With the Drupalgeddon Metasploit module, the Password form is used for Drupal 7 (needs two requests to stage code), the registration form for Drupal 8 (this only needs one request). The fact that the Forms API allows dynamically generated forms was the game changer as far as CMS design of Drupal, but its complexity also gives it a larger attack surface. Dynamically generated things based on user input are always suspect to data sanitization issues.
Step 3 for Drupalgeddon Exploit Development - Code Execution and Staging Payloads
Once the code injection method was available via an unauthenticated path, there were a dozen different ways to get code execution within PHP. We used the passthru function - it is itself not a great design for secure coding (https://secure.php.net/manual/en/function.passthru.php), seemingly tailor-made for getting a remote shell on a target. PHP setups can be locked down to restrict functionality, but a CMS like Drupal needs a lot of functionality. Metasploit’s targets are able to adapt to different amounts of lockdowns in a PHP environment. For instance, the ‘eval‘ function is sometimes blacklisted, but ‘assert‘, which achieves the same end, is not. Code is executed in memory as the process that is executing PHP. Often this is directly inside of Apache. This worked fine for Drupal 7, but on Drupal 8, we have to run PHP as a subprocess, which is easier to notice in process listings.
Fun Note: ‘Drupageddon 1’ vs ‘Drupalgeddon 2’, note the addition of an ‘l’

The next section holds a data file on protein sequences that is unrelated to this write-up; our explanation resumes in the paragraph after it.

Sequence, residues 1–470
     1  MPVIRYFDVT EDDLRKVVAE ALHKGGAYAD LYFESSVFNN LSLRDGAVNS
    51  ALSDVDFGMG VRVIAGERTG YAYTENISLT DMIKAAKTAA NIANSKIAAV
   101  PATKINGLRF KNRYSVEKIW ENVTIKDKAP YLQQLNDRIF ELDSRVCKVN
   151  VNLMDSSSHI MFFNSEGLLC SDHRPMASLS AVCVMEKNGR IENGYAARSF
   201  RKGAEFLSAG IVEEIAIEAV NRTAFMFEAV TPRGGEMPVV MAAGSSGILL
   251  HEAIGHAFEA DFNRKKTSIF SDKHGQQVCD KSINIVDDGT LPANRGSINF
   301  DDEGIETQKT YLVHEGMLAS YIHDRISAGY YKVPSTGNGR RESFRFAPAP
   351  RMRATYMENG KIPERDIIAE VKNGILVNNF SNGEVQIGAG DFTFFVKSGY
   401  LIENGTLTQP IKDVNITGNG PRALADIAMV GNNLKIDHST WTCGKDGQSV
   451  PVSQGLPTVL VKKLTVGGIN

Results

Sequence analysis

Why is the Metasploit exploit nice and accurate? First, it checks for the right application fingerprints first (header and HTML tag). Then it checks for
CHANGELOG.txt file for patch level, which nobody removes in most environments (folks probably should, but it seems like bad guys spray and pray anyway see
https://www.drupal.org/node/766404). We don’t send shell commands, but send a printf function to verify code execution, which is very safe (no callbacks or file drops).
Drupalgeddon 3 in Comparison
Code path is potentially post-authentication only. Only one code path has been identified so far (where you can delete a node). This is basically the result of an edge case in the Drupalgeddon 2 patch, where a parameter was not being filtered. Lower risk from mass-exploitation.
What If I’m Running Drupal?
First and foremost adopt a proactive stance and regularly scan for Drupal instances in your perimeter, cloud environments and even internally. The public attacks make the headlines, but your internal instances may be soft targets for attackers who manage to get in using the a tried and true phishing attack.
You should also continue to monitor the Drupal security advisories and have an immediate response plan ready to go in the event more critical advisories are released in the coming weeks/months.
Organizations running Drupal instances can watch for the following indicators of compromise:
- New PHP processes created by the webserver user, particularly
php -r <encoded command>
- New PHP files written to the web root
- Entries in web server access logs for requests to:
- Drupal 8:
- Drupal 7:
?q=user/password&name[%23post_render]=" + phpfunction + "&name[%23type]=markup&name[%23markup]=" + <encoded payload> = "form_id=user_pass&_triggering_element_name=name(HTTP 200)
- Drupal 8:
- Single requests to
As noted, this is not the first serious Drupal issue of 2018 and there’s a pretty good chance it won’t be the last. Keep an eye out on the Drupal security team releases and be ready to patch if/when Drupalgeddon 4 comes around.
Metasploit users can also check out the Drupalgeddon 2 Metasploit module which can help find vulnerable instances in your organization.